Chapter

Mechanisms of Reconfiguration: Challenging Policies of Separation

Maia Carter Hallward

in Struggling for a Just Peace

Published by University Press of Florida

Published in print August 2011 | ISBN: 9780813036526
Published online January 2012 | e-ISBN: 9780813041797 | DOI: http://dx.doi.org/10.5744/florida/9780813036526.003.0008
Mechanisms of Reconfiguration: Challenging Policies of Separation

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Despite the challenges of unilateralism and separation and the lack of significant socio-political change, activists continued their struggle for peace and justice in 2008. This chapter discusses how some groups modified their approach to change through the mechanism of reconfiguration, which explicitly targets social and political boundaries that have conventionally divided activist groups. The Alternative Information Center and remnants of Ta'ayush, some of who joined the new umbrella group Hitchabrut-Tarabut, sought to create new spaces for interaction, particularly between different “internal” groups, such as Ashkenazi and Mizrahi Jews or socioeconomic and political activists within Israel and Palestinians from the West Bank, East Jerusalem and Israel. Sabeel, Rabbis for Human Rights and Tarabut sought to integrate religious and secular activists for peace and social justice. In seeking to overcome the structural violence of the occupation in both Israeli and Palestinian societies, reconfiguration efforts aimed for what Galtung calls structural peace.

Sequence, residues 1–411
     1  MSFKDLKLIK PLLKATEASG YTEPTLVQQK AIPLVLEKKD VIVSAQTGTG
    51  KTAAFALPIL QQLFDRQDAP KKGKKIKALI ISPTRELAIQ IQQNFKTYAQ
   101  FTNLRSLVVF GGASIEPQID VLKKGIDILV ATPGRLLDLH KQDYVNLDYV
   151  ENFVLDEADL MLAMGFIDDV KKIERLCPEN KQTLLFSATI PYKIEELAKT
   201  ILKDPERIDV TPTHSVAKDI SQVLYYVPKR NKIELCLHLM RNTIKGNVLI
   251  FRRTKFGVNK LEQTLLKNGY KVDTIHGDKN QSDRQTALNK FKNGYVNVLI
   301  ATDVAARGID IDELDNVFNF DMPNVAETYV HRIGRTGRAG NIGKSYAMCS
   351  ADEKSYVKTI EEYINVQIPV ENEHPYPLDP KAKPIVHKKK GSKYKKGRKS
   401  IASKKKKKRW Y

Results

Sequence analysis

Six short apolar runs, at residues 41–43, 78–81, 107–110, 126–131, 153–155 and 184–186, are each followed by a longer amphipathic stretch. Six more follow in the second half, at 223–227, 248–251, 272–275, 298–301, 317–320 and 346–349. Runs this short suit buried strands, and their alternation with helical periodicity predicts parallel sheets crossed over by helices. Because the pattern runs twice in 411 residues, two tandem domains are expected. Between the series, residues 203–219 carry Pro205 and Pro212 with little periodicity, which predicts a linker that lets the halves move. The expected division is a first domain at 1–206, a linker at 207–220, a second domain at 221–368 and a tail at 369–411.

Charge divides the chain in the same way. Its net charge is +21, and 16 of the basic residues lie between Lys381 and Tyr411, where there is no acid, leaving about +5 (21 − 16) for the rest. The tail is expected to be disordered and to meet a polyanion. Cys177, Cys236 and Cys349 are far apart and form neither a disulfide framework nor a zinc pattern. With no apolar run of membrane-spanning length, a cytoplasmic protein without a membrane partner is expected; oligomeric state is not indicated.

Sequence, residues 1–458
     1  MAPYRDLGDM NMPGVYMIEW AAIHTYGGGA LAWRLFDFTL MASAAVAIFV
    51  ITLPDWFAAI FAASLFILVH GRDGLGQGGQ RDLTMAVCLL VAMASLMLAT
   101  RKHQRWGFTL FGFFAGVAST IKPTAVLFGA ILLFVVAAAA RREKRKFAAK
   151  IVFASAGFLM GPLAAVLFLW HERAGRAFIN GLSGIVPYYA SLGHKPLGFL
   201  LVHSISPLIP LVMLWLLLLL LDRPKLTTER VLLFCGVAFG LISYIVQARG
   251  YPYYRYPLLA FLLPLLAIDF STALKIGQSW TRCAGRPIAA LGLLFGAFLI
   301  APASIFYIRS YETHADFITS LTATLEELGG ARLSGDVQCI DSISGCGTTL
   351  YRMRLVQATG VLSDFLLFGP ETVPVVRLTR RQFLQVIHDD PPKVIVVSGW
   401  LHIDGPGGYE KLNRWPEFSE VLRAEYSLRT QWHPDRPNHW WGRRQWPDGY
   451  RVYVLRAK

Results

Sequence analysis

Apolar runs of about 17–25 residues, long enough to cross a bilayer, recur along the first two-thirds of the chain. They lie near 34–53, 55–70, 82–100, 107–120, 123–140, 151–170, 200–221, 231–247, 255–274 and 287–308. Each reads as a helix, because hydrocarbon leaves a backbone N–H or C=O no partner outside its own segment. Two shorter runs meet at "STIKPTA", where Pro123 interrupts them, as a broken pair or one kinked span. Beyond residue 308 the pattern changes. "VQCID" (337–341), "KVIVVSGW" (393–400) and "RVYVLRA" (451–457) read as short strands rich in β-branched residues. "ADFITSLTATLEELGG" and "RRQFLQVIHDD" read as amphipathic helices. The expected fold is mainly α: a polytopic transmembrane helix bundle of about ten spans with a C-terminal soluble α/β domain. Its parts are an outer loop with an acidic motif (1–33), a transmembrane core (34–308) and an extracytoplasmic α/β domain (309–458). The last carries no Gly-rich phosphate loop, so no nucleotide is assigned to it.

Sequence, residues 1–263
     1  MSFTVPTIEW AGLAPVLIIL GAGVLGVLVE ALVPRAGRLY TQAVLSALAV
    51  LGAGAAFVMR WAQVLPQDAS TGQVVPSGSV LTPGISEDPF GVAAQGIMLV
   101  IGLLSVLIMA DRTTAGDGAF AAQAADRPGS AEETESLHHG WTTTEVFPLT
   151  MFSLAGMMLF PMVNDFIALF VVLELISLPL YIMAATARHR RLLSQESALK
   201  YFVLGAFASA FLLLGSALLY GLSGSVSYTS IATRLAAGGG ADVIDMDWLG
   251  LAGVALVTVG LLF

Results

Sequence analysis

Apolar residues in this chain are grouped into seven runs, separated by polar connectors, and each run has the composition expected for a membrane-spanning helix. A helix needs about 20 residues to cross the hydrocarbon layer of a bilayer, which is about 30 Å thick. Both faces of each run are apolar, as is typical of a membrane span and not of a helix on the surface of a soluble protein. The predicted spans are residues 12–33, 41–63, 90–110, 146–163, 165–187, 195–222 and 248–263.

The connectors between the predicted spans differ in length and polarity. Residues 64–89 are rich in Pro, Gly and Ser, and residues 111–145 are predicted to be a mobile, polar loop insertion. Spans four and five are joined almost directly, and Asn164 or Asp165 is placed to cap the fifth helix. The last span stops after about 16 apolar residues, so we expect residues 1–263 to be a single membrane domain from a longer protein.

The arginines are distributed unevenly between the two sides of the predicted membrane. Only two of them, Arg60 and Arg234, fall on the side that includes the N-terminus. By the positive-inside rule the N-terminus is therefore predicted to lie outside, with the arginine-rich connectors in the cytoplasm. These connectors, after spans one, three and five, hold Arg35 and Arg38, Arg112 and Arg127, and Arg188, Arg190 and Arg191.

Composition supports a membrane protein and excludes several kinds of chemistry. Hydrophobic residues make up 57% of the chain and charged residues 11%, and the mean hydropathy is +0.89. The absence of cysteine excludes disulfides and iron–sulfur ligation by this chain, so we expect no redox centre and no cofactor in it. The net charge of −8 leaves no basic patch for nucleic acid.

Keywords: structural peace; structural violence; religion; reconfiguration; internal divisions; socio-political change; socioeconomic activism; boundaries

Chapter.  11285 words. 

Subjects: Society and Culture

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